Oil Cuts Fail to Lift Market Confidence
Crude oil futures were seeing a dip in early Monday trading as a historic agreement by the Organization of the Petroleum Exporting Countries (OPEC) and its allies to cut production failed to give lasting optimism on economic outlook. OPEC+ plans to cut 9.7 million barrels per day while it is anticipated that global oil cuts will amount to more than 20 million barrels per day, or 20 percent of global supply, effective May 1. The plan incorporates contributions from non-members and strategic purchases by the world’s largest consumers.
Despite the historic agreement, the meeting fell short of completely offsetting an estimated 30 million barrels per day drop in worldwide fuel consumption caused by the COVID-19 pandemic. Senior economist at Nomura Securities, Tatsufumi Okoshi said: “In the short term, the WTI may hold above $20 after the deal but it could fall below that level unless all the countries follow up their words with actions.”
Freight Volumes Drop as Panic Buying Subsides
As the number of coronavirus cases increase in the U.S. freight demand has fallen. The stockpiling sprees for household and consumer goods have fared better than other segments during the early onset of the pandemic early last month. However, those market segments are now beginning to feel the squeeze as the ambush of concerned shoppers begins to recede.
Almost 60 percent of carriers with a fleet of 100 trucks or less were surveyed last week reporting a drop-in freight due to coronavirus. Larger carriers with more than 100 trucks are doing slightly better, with 44 percent reporting a decrease. The overall number of carriers reporting a drop-off in loads jumped 15 percent week-over-week while the number of carriers reporting an up-tick in freight last week fell 7 percent.
Top Energy Stories
The Trump administration has discussed a mandated shutdown of oil production in the Gulf of Mexico due to the coronavirus spreading among workers on offshore platforms, according to people familiar with the matter.
The leaders of Russia, Saudi Arabia, and the U.S. each badly miscalculated the pain caused by the collapse in oil prices. Now they are trying to rescue their economies and stave off any political damage at crucial moments for each.
OPEC had expected Friday’s G-20 meeting to show that the U.S., Canada, the U.K. and other producers not allied with the cartel can pull back 4 million barrels a day of output, according to delegates at Thursday’s meeting. OPEC and its allies including Russia are trying to complete a deal that would have them cut 10 million barrels a day.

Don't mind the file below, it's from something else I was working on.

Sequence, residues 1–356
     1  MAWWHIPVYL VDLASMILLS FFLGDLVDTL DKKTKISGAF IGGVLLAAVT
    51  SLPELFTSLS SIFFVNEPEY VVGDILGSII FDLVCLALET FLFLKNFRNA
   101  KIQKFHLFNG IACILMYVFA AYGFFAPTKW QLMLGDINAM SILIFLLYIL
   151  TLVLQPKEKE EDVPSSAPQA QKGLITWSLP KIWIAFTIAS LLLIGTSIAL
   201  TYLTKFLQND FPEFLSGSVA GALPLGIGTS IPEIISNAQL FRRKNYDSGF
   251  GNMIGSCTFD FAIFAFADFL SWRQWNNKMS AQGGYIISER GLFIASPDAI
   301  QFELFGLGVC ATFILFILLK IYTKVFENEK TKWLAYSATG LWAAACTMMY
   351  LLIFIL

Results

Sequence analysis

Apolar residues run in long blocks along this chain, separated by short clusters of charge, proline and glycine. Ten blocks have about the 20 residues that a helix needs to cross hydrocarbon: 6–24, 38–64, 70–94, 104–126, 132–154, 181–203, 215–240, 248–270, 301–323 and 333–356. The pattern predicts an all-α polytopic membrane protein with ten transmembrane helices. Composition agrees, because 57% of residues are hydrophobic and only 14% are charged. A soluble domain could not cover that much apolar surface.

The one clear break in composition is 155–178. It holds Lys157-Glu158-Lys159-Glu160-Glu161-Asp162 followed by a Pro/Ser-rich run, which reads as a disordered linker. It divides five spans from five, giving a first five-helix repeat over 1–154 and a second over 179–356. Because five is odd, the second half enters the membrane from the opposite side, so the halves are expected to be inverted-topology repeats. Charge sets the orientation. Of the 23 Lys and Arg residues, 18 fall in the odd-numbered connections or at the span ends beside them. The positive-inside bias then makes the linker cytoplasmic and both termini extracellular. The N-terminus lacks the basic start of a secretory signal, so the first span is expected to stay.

Top Freight Transportation Stories
The Federal Motor Carrier Safety Administration has extended its Emergency Declaration providing hours-of-service and other regulatory relief to commercial vehicle drivers transporting emergency relief in response to the nationwide COVID-19 outbreak another five weeks, through May 15. The declaration was also further expanded to cover liquefied gases to be used in refrigeration or cooling systems.
Container shipping operators are buckling down for the long haul. Carriers have idled a record 13% of their capacity over the past month, according to maritime data provider Alphaliner. The decision to put ships into storage pulls some 3 million containers’ worth of capacity from seaborne supply chains, and signals that operators are bracing for a lengthy downturn under world-wide lockdowns aimed at halting the spread of the coronavirus.
Mediterranean Shipping Co., the world’s second-largest container line, said Friday it has been hit by a network outage. The company said it hasn’t ruled out the possibility of a cyberattack.
Top Economic Stories
As the source of the outbreak, China is going through stages of the coronavirus crisis before other countries. And although it’s showing signs of recovery, it’s unlikely to offer CFOs trying to model their business’s trajectory much more than a broad indicator of what’s ahead, Andrew Duguay, chief economist at business intelligence company Prevedere, says.
The Labor Department announcement, reflecting last week’s filings for unemployment benefits, meant that more than 16 million people had been put out of work in just three weeks, an unheard-of figure. Two years of job losses from the last recession produced barely half that total.
As the coronavirus changes consumer demand and the world economy at large, intermodal is feeling the brunt. Trucks that are not hauling essential supplies are sidelined and looking to the federal stimulus bill to provide financial relief. Rail is in the midst of a 12% year-over-year drop in carloads. Even lower trade volumes would further compound the lack of business.